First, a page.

Issue Let's Encrypt SSL Certificates using DNS Validation
This guide will cover how to issue SSL certificates using Let's Encrypt by way of the dns-01 challenge. To use the dns-01 challenge when issuing SSL certificates from Let's Encrypt, a couple extra steps are required to support the process.
To learn how to install Let's Encrypt and handle SSL certificates after issuance please see the guide Issue & Renew Let's Encrypt SSL Certificates for Ansible Automation Platform 2.
To use the dns-01 challenge when issuing SSL certificates from Let's Encrypt, a couple extra steps are required to support the process. A Python script will need to be downloaded to be used for the dns-01 challenge and certificates will need to be issued using a few extra arguments to ensure it is the primary challenge over http-01.
Download the Python script for certbot support of dns-01 challenge
Certbot doesn't come with a way to handle DNS validation for issuing SSL certificates through Let's Encrypt. Luckily, there is a GitHub project at https://github.com/joohoi/acme-dns-certbot-joohoi available that can take care of it for Certbot.
Make the Python script executable
chmod +x acme-dns-auth.py
Change the Python script for Python3 support
Using your favorite text editor, edit the
acme-dns-auth.py file and add a
3 to the end of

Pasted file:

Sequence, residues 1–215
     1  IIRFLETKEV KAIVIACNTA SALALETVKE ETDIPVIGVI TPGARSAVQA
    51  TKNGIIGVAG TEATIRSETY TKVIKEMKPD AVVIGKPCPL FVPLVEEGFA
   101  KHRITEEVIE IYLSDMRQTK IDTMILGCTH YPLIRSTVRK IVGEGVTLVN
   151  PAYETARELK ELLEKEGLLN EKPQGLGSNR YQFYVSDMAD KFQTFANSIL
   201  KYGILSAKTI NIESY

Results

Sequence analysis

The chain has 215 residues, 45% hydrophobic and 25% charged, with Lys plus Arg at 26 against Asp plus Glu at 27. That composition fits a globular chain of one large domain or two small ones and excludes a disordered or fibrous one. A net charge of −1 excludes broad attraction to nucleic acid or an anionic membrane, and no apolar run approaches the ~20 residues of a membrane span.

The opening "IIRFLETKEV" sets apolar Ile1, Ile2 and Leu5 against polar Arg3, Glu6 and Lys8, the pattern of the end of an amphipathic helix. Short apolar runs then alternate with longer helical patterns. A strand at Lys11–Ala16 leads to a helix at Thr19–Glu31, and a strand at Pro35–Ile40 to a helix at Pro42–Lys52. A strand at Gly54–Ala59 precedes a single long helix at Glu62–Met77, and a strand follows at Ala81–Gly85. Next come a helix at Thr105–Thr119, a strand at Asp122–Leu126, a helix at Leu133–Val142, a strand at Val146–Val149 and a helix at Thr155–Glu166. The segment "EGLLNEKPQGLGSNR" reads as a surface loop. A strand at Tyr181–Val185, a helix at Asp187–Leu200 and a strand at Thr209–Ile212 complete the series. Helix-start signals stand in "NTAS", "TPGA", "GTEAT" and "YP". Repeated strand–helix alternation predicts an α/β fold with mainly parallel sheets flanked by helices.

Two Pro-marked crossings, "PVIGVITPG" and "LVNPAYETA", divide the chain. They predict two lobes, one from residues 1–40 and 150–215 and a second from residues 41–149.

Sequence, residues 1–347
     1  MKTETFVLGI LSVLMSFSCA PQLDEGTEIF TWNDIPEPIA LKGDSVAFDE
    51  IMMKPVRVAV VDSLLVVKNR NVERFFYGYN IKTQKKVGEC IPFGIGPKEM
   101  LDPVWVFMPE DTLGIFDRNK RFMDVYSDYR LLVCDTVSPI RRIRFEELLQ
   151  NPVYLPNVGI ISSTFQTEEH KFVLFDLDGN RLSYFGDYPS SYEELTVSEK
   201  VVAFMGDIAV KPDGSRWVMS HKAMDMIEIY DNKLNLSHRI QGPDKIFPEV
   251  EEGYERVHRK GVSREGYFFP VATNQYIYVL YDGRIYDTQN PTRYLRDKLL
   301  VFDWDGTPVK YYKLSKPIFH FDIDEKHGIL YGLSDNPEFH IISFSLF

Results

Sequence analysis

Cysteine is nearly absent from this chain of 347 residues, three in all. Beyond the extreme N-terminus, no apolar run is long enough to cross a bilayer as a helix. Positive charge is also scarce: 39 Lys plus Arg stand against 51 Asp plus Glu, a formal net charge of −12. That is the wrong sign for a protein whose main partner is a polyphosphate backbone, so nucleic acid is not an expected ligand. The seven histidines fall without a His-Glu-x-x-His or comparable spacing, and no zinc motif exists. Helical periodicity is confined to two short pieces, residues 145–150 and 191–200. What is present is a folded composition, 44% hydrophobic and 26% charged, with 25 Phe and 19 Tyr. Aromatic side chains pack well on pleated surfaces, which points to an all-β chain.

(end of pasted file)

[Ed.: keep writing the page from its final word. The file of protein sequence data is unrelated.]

python on the first line in the script.
Move the script to Certbot's Let's Encrypt directory
sudo mv acme-dns-auth.py /etc/letsencrypt/
Issue an SSL Certificate using dns-01 challenge
For the dns-01 challenge to become the primary challenge method, at least one (1) certificate needs to be issued. We can start this by running Certbot and forcing it to issue a certificate using DNS validation. This will run the acme-dns-certbot Python script and trigger the initial setup process.
sudo certbot certonly --manual --manual-auth-hook /etc/letsencrypt/acme-dns-auth.py --preferred-challenges dns --debug-challenges -d aap.example.com
In the above command, the
--manual argument is used to disable the automated integration features of Certbot. This is similar to using the
--standalone argument when issuing a certificate in the http-01 challenge above.
--manual-auth-hook is how we tell Certbot where to find the Python script that will handle our
--preferred-challenges which is
dns. This also sets
dns as the preferred challenge in all future renewals.
Since the dns-01 challenge requires a
CNAME record to be set in the DNS, we will need a way to have Certbot pause so that it can be completed. To do this, the argument
--debug-challenges is provided. Without the argument, Certbot wouldn't pause and there would be no time given to make the required DNS changes.
In the command above, the
-d argument is provided once for the domain
aap.example.com. More than one (1) domain is supported by including additional
-d arguments. Alternatively, wildcard certificates are supported as a value to the
-d argument. I do not recommend this practice, but if you do want to set it up, you'll need to escape the asterisk with a backslash like this
Once the command is sent, you'll receive a response and pause from the
Add CNAME record to main DNS zone
You'll need to have knowledge and access to your main DNS zone to configure the CNAME record based on the output given in the previous step. It is recommended to set the TTL of the CNAME record to 300 seconds. Once you have completed this step, press
ENTER to validate the certificate request and complete the issuance process.